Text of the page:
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The world of Ransomware is changing. Over a number of years, it is clear to see how cyber-attacks have resulted in lost revenues and negative brand reputation. However, one of the lesser seen consequences is now the most worrying. 

Your customers, or 3rd party users may often rely on your services to various degrees. Cyber criminals are doing everything and anything to line their own pockets. Take for example, the attack on Hackney council. Whilst full details are still to be disclosed, it seems that as a result of the attacker’s ransomware, a primary payment system was taken offline. Not only was this system used for incoming payments, but it was used to pay people their benefit payments. One can easily see how serious an impact this could have.

Traditionally, the aim of ransomware is to get onto a target’s environment, encrypt critical infrastructure and demand payment; in exchange for the decryption keys. This leads to companies focusing on their ability to restore from backup and minimising that downtime. Problem solved, right? What we now see with ransomware attacks, is a two-part process, where data is exfiltrated prior to the encryption binary being executed. This results in hackers having leverage for payment, as GDPR fines for lost data could still apply.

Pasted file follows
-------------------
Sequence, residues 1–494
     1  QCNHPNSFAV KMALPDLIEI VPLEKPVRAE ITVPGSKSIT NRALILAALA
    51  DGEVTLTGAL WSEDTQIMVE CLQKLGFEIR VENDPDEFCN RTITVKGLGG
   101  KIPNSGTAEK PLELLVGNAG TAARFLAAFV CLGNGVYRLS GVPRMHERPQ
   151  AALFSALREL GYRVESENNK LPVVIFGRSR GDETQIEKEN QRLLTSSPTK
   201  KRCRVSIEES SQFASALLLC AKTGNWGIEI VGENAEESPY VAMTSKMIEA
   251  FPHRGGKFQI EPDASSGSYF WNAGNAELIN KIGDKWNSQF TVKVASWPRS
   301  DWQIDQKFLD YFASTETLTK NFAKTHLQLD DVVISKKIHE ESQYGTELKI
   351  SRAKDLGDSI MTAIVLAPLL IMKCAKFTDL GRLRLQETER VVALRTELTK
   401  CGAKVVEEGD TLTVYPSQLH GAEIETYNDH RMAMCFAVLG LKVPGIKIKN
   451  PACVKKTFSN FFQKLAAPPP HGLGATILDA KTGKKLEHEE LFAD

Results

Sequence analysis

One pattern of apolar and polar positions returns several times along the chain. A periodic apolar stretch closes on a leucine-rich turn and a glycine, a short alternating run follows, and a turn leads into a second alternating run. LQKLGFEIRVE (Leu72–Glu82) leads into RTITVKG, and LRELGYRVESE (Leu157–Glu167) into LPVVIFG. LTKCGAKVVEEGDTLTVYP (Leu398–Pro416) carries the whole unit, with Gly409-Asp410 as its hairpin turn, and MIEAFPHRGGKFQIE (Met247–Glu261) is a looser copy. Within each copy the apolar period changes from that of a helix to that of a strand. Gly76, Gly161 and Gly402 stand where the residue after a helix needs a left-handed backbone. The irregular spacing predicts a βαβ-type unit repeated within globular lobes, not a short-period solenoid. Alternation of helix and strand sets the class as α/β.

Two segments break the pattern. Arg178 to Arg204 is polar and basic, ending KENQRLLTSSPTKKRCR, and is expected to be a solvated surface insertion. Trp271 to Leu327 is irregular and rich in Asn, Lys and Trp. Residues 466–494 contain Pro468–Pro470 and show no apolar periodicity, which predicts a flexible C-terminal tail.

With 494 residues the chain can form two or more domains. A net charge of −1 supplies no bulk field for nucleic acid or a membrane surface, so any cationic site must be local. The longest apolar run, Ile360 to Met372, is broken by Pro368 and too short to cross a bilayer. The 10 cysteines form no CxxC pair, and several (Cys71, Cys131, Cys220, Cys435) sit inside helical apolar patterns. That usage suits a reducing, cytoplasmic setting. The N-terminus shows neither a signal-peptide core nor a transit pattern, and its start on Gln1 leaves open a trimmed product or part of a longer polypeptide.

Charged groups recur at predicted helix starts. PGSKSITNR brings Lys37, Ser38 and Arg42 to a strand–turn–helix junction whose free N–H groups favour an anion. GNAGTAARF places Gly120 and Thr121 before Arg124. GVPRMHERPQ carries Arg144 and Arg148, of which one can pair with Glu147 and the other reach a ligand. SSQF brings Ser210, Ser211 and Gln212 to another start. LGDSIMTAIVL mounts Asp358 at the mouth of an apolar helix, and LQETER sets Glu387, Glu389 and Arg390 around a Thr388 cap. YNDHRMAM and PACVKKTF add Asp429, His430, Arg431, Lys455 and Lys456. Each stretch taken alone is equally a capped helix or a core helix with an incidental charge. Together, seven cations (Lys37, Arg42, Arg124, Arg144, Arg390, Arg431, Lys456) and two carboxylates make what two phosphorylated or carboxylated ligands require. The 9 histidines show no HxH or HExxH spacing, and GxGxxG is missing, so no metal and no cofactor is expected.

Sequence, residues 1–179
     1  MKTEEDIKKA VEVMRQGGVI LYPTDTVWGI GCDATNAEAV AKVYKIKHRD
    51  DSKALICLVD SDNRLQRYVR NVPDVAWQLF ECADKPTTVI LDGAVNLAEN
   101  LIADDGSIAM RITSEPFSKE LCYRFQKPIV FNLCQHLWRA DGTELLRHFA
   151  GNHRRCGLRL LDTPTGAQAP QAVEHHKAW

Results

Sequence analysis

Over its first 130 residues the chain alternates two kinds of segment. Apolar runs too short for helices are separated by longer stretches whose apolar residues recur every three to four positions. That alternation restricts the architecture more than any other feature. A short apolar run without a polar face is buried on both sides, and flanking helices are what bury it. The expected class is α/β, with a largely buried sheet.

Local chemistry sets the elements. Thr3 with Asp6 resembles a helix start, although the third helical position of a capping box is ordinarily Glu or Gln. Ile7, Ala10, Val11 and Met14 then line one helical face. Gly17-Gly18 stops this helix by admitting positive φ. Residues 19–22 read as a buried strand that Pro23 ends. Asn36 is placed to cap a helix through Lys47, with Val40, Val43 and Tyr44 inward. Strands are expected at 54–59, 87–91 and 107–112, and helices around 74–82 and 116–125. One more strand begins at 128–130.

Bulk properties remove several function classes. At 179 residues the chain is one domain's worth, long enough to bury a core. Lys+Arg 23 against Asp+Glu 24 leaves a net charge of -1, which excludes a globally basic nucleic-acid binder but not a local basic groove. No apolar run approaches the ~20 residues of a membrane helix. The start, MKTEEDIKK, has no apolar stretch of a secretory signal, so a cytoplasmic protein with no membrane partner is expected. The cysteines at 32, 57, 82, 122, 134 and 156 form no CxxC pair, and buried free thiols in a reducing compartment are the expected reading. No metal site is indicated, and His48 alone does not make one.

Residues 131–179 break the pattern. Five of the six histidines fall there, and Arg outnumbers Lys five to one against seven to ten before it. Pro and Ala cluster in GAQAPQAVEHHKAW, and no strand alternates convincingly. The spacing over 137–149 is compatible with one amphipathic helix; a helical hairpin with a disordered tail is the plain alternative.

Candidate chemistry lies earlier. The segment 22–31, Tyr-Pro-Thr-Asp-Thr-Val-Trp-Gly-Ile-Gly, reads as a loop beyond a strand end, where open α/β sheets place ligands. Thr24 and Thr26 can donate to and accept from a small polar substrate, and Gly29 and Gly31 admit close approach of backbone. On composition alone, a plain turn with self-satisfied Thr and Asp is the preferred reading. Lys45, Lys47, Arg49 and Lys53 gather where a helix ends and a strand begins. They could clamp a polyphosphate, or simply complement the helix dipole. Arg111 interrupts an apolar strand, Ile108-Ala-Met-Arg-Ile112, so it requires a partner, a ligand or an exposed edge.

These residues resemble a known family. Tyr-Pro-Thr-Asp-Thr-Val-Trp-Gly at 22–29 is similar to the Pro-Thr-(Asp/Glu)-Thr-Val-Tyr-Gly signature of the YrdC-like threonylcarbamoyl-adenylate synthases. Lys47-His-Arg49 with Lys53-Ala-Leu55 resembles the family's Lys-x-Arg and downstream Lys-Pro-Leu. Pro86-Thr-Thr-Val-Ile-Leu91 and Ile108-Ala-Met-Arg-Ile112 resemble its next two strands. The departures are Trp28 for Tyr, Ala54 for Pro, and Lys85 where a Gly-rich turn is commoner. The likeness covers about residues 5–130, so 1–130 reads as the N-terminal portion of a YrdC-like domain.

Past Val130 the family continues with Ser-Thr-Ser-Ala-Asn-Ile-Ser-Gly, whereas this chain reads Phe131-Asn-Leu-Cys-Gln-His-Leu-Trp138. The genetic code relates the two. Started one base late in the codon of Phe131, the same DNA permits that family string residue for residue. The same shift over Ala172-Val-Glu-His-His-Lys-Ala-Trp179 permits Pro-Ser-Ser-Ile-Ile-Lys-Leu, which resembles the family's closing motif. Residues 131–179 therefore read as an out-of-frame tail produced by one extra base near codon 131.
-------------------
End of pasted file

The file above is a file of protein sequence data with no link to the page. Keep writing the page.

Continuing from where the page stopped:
This makes it more imperative than ever to identify an attack as early as possible in the kill chain. The only way to stop these attacks are to see the initial stages and ACT before it is too late. By identifying the threat before data is lost, or assets encrypted, it is possible to significantly reduce internal risk, as well as risk to 3rd parties. What we are seeing within our customer base, is that there isn’t a need to reinvent the wheel. Through the deployment of Intrusion, Detection and Response, customers can see the events in the early stages of the attack chain. We have also seen an increase in requests for SOAR over the past 12 months. Having the alerts in place is one thing, but it is no surprise that having a good bot, on your side, helps.

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